Sunday, February 9, 2014

LBS 850 - Living in a Wiki Reality

Week Three Discussion - Living in a Wiki Reality

posted Feb 5, 2014, 12:36 PM by Dan Boyle
    Let me start this by saying I loved my wikis (Honors and College Prep).  I used it for a couple of years and it was able to house all of my materials for class.  I uploaded PowerPoint presentations, TED Talk videos, assignments, worksheets, anything and everything for my classes.  It was a great spot for me to host everything.  My students had access to it from anywhere and everywhere that could I find an internet connection.  We all still had our blog spaces and were updating those frequently, if not daily or weekly.
    Over the last year or so, however, I have had a change of heart with regard to wikis.  While they are still valuable and a few people that I teach with use them on a daily basis for their classes (A 3rd year teacher in my department, and someone I mentored), I believe that they no longer serve my purpose as much as this website does now.  Yes, the website lacks the interactive back and forth that can be so valuable in a wiki, but it more than makes up for that with the variety of pages that I can have on this site and they portfolio that I can create for myself here.
    As a librarian, the interactive feature of the wiki is its greatest asset.  Lists of titles/authors/subject could be cross-referenced and comments about the title or author could be included and updated as frequently as readers wanted to.  As an elementary school librarian, this could be a class project with the librarian leading students through a variety of ways to post these reviews, from simple text, to a book trailer, to a podcast style "interview" with the main character or the author.  As students get older and no longer have a scheduled library period, it would be more difficult for a wiki to be updated by readers.  They would have to do it on their own time and might only do it if they were reminded to do so.  A high school library might find a wiki not as effective as a website because of this lack of interaction.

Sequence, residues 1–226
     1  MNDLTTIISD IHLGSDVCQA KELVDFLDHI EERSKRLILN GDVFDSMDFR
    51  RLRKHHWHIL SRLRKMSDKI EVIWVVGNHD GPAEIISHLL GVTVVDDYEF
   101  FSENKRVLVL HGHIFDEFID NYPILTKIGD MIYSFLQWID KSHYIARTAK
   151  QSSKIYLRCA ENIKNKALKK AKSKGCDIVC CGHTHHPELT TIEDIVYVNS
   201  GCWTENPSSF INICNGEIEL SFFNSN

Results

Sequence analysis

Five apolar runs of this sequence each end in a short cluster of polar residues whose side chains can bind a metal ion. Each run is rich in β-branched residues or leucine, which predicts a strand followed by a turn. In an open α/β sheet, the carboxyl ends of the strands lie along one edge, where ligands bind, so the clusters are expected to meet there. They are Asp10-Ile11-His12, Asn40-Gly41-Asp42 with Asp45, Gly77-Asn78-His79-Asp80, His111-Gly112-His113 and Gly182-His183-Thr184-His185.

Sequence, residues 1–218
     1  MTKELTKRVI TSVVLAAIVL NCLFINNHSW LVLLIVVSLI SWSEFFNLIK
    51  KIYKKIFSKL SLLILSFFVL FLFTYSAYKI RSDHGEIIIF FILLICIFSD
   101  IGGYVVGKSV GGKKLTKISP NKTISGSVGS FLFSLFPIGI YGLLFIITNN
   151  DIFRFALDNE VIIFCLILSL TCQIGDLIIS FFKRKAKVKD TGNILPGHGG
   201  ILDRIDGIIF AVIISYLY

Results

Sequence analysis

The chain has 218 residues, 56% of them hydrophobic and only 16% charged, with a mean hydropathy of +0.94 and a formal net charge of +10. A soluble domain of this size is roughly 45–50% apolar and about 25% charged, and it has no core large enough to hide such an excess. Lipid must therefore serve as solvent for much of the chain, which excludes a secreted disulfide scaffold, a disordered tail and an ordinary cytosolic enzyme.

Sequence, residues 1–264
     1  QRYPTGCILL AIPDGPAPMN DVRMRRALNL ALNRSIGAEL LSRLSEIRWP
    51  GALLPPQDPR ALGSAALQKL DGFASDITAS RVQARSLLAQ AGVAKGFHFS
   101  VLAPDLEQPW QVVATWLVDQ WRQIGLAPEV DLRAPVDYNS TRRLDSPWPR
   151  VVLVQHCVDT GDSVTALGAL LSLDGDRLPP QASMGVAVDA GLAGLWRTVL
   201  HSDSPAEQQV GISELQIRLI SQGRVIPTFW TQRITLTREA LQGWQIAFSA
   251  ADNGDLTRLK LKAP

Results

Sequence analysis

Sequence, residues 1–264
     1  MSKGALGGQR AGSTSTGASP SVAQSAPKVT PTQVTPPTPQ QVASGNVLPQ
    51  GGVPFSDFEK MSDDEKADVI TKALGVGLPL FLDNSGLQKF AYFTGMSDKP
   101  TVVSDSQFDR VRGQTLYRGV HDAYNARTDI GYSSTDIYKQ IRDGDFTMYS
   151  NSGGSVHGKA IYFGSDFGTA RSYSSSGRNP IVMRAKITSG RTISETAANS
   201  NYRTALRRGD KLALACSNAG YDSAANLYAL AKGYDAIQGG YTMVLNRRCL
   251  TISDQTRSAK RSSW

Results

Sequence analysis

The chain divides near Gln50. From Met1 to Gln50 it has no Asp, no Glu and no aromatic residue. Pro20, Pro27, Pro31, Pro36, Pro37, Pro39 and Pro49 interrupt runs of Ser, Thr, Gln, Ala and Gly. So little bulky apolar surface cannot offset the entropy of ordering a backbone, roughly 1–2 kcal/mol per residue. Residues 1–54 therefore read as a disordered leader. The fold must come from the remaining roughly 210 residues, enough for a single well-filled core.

If collaboration is the goal of the library wiki, then there are a number of different Web 2.0 tools that could be used by students to work on a project together or share information about a title or author.  They could start a GoogleDoc and share that address with a teacher/librarian to be updated as students saw fit.  This GoogleDoc could be linked to from the library web page so that a prospective reader could get the information that they needed and decide from there whether or not they wanted to read that title.

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